A mortal kiss between stars


An international team of astronomers, including several researchers from the Center for Astrobiology, has discovered VFTS352, a very hot and massive double star system located in our own galaxy. Specifically, it is 160,000 light years away, in the Tarantula Nebula, and it is a binary contact system similar to MY Camelopardalis (MY Cam). The difference is that, in the case of VFTS352 , the stars are already sharing mass, while the components of MY Cam are simply rubbing together.

Thanks to ESO's Very Large Telescope (VLT) , located in In the Atacama desert, in Chile, it has been observed that the star centers that make up the VFTS352 are separated by only 12 million kilometers and, in fact, a bridge has been formed between the two stars. VFTS352 has a combined mass of about 57 times that of the Sun, so it is the most massive binary contact system known. In addition, it contains the hottest components, with surface temperatures that exceed 40,000 degrees Celsius.

Through the recent studies of VFTS352 and MY Cam, you can explore aspects of the life and death of very massive stars, for which no direct evidence was available to date.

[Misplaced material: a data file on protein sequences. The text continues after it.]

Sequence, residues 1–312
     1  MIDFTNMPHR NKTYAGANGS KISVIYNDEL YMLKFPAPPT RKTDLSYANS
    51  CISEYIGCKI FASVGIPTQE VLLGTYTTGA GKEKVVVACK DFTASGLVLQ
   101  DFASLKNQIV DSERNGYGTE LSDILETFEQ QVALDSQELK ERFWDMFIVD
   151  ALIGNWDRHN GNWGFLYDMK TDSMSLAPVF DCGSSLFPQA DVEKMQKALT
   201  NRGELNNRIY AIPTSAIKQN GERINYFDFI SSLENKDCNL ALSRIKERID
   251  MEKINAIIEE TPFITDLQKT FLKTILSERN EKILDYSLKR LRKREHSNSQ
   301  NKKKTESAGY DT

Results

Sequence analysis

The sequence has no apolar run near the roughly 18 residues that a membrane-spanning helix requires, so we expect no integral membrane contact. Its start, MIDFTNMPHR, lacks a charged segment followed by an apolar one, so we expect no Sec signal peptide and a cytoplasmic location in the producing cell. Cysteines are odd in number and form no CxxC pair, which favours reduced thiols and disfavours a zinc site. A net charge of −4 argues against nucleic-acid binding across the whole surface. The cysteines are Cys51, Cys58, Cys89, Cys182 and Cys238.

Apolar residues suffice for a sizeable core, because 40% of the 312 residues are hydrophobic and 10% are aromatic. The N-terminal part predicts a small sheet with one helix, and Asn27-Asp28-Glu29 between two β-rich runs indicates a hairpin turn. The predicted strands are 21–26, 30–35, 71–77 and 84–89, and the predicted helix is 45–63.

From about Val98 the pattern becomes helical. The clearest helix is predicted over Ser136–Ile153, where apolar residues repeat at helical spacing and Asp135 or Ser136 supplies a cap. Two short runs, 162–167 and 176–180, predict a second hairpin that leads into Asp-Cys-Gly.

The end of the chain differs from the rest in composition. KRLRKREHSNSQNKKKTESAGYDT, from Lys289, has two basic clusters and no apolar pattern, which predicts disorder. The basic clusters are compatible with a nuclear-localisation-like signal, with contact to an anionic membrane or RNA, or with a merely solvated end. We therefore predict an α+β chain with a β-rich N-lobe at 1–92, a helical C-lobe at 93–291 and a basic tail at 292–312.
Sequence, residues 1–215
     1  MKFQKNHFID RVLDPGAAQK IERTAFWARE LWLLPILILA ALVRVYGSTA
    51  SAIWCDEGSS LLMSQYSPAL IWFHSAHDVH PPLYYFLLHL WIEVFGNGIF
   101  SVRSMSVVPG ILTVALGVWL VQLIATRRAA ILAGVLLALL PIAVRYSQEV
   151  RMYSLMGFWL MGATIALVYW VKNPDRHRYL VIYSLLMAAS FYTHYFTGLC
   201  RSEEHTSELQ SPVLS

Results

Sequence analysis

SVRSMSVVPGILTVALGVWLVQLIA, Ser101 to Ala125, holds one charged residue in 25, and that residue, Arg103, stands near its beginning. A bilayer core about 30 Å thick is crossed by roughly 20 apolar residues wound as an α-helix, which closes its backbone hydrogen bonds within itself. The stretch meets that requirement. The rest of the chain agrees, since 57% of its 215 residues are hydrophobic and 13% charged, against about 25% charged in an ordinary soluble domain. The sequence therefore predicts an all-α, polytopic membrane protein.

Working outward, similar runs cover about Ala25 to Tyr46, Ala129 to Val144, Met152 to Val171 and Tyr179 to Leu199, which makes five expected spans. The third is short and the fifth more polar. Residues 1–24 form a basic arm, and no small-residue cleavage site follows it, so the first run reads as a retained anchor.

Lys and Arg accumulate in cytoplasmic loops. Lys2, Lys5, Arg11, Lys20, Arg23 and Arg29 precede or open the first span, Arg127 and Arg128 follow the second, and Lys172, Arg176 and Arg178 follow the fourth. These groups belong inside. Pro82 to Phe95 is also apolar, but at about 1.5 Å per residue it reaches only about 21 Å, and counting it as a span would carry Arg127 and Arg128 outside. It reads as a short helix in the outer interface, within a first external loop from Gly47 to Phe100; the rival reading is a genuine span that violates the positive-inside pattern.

The two possible endings
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According to astronomers, it is possible that these systems can not sustain this phase of peaceful coexistence and the young stars that compose them merge into a single star. It is one of the scenarios contemplated for the formation of extremely massive stars. Another possibility is that the components of the systems end their lives as supernova explosions, giving rise to two black holes orbiting one another.

The search for systems like VFTS352 and MY Cam continues with the objective of determining with what probability one or the other end will be given, in both cases dramatic. In any case, his observation is a great step forward for the field of stellar astrophysics, given that extreme stars play a fundamental role in the evolution of galaxies and are believed to be the main producers of elements such as oxygen.

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